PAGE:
Lighting : Lighting August 2014 - Vol34 Issue 4
August/September 2014 | LIGHTING MAGAZINE 41 40 LIGHTING MAGAZINE | August/September 2014 THE WoRkSHop oVERViEW The festival had two parts: the five-day Lighting Design Workshop and month-long exhibition of the workshop’s product (lit façades) – the main public event of the festival. The workshop leaders were Andrew Jaques (The Flaming Beacon, Melbourne, Australia); David Bird (2B Designed, Melbourne, Australia), Donn Salisbury (Electrolight, Sydney, Australia), Horatio Burton (Glowing Structures, Melbourne, Australia), Kiyoung Ko (Bitzro, Seoul, Korea), Mark Elliott (Point of View, Sydney, Australia), Mirjam Roos (Steensen Varming, Sydney, Australia) and Tim Carr (Arup Lighting, Sydney, Australia). They were invited to lead the design workshop groups from concept design to completed façade lighting. From the huge number of applications from architecture, landscape, interior design and industrial design students, 64 were selected, with eight assigned to each design leader. There were eight workshop groups working on eight buildings. Each day of the five-day workshop started with a seminar where leaders gave 50 minute talks on a wide spectrum of topics and issues related to light, lighting and lighting design, followed by a Q&A session with the participants. The participants found the seminars a great opportunity to know more about professional lighting designer’s experiences and views. The workshop design sessions followed the seminars. Detailed preparatory work was done in advance. The buildings were selected by KKDC and Bitrzo and earlier to each leader who then developed a preliminary design concept that they submitted prior to the workshop. Luminaires and relevant accessories were then secured and prepared. KKDC, as a main sponsor and organiser, supplied about half of the luminaires. Preliminary wiring and cabling work was provided to indicative luminaire positions based on each leader’s design concept. FiVE DAyS’ HARD WoRk Day 1 was concept formulation. Leaders helped participants understand the design process and basics of conceiving a lighting design concept. Participants worked on the preliminary concepts proposed by the design leaders and were encouraged to make suggestions and propose alternative approaches. The original broad concepts were often modified, adjusted and/or fine-tuned. Days 2 to 4 saw most groups arrive at their final design scheme, having tested luminaires and accessories. Some groups even started installation work on site. The initial expectation was to make a series of temporary mock-ups for the building façades, however, in most cases, the site work was done so well that full-scale architectural lighting installations resulted. Day 5 saw the final commissioning followed by the workshop closing ceremony with guests and VIPs from local government. The designers were formally introduced to the guests and public. In the evening designers, guests and participants took a walking tour of the illuminated buildings. pAJu Book CiTy’S LIgHT AsIA FESTiVAL The festival was appreciated and well received by professionals and public. This is because it was unique – it was purely architectural in context and complementary to the buildings and their surrounding environment. Many other light festivals use light conspicuously or flamboyantly with the buildings simply being a surface for light. The festival met Book City’s ethos of understated façade lighting to support the philosophy upon which the town was founded. FiNALLy... For the participants, designers and organisers, the five-day workshop was very intensive and demanding, with eight façade lighting designs and installations, including serious DMX wiring and commissioning, having to be completed within four days. It often appeared to be an impossible task but the enthusiasm and passion shown by leaders and participants made it possible for the workshop to be completed to the delight of the community. The author has participated in similar multiday, but smaller scale workshops in Bangkok, Ayutthaya and Nong Khai in Thailand and much smaller one-night exercises in Sydney. All were full of intense activity, high emotion and great learning outcomes, not only for the participants but also for those leading and those providing the financial and logistic support in the background. Paju Book City’s Light Asia festival has the potential to provide a forum for international lighting design. It can be of great educational value to Korea’s future lighting designers as well as the public. This might be just a beginning, since the word is that KKDC and Bitzro have already started planning for Light Asia 2014, with the aim of making it an annual event! FAR LEFT: Tae Hak Publication (Mirjam Roos’ group). TOP: Asia Publication Culture and Information Centre (Kiyoung Ko’s group). LEFT: Jisik Sanup Publication (Tim Carr’s group). BOTTOM: Salim Alice’s House (Mark Elliott’s group). CENTRE: Maroniebooks (Horatio Burton’s group).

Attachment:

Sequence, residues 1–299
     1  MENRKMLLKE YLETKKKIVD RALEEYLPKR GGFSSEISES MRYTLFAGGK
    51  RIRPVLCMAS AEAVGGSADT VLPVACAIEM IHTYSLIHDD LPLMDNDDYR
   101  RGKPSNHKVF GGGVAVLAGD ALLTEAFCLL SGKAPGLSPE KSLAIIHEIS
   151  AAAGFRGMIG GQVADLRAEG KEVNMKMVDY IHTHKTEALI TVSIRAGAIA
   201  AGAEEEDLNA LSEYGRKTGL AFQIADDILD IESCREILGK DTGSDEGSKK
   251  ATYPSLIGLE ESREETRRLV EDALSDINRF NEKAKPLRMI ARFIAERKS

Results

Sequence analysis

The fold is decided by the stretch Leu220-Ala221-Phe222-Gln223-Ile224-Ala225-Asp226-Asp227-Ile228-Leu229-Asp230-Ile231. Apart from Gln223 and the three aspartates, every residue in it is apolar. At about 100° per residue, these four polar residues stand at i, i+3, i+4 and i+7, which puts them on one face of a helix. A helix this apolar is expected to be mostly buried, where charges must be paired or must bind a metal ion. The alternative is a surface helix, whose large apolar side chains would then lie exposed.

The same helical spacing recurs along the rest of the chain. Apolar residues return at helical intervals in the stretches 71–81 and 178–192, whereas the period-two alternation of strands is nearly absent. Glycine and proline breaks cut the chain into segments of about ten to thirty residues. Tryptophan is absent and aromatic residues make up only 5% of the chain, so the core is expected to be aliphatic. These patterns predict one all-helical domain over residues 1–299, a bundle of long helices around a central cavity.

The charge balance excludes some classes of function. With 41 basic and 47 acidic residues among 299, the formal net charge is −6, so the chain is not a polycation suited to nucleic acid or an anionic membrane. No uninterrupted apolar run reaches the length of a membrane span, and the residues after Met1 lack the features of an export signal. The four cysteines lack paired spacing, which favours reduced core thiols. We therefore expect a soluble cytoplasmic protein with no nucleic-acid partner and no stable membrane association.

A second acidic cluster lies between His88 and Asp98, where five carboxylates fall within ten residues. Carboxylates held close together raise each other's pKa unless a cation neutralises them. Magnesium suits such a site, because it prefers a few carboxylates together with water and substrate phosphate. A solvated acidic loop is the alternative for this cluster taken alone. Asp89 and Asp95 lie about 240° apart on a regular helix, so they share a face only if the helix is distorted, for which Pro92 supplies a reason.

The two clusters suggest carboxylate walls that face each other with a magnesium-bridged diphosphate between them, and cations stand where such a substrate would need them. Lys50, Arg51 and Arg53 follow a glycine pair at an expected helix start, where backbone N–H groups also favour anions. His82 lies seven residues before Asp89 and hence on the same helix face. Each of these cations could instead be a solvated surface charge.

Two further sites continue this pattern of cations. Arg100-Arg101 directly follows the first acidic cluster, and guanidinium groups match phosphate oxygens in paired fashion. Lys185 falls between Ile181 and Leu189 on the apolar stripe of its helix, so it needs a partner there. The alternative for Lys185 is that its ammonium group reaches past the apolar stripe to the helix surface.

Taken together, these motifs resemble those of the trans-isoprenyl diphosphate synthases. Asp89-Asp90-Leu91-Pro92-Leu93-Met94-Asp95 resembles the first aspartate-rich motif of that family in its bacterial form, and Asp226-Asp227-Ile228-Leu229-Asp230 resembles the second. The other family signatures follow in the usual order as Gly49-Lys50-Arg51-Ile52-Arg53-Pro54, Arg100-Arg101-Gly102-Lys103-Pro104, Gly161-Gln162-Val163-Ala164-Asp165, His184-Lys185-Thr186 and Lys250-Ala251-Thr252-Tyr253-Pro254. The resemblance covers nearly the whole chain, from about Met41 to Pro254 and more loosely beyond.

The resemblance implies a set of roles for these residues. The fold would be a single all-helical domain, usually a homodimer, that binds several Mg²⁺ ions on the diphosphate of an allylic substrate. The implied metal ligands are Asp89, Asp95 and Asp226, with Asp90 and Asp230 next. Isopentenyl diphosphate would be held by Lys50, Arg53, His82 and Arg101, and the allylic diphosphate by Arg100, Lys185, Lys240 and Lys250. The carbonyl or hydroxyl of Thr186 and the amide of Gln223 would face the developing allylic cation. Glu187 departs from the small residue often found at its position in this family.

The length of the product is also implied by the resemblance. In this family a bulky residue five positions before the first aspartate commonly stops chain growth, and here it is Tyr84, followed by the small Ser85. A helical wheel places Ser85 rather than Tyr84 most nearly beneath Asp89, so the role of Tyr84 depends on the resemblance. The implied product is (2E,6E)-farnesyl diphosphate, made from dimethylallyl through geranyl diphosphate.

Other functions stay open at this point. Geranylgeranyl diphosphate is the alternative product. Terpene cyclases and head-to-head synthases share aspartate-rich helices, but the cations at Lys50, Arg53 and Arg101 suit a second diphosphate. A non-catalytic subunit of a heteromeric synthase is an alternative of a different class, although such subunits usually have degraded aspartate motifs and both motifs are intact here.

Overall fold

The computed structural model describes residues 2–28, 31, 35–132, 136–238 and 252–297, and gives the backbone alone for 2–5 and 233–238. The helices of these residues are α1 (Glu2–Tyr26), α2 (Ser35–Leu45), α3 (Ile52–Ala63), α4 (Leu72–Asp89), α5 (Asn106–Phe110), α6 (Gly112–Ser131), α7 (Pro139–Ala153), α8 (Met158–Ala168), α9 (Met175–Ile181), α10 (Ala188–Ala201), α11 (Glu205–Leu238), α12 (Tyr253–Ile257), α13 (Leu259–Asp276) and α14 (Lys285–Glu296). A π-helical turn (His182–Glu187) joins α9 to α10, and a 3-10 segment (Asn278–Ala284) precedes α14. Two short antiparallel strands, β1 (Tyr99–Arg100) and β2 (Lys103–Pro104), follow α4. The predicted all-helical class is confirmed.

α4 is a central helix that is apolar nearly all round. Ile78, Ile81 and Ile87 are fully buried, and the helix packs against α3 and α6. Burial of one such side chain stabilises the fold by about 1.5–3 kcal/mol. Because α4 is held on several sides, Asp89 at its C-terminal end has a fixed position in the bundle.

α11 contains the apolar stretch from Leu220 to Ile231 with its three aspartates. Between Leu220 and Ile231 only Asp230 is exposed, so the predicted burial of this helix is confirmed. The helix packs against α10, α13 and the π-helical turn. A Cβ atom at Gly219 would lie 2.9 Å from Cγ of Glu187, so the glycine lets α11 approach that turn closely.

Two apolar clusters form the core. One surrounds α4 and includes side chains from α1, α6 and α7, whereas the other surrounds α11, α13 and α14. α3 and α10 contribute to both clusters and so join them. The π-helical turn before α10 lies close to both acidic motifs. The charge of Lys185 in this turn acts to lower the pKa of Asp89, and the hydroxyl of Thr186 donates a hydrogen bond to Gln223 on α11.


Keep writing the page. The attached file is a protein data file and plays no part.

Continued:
Lighting October 2014 - Vol 34 Issue 5
Lighting June 2014 - Vol 34 Issue 3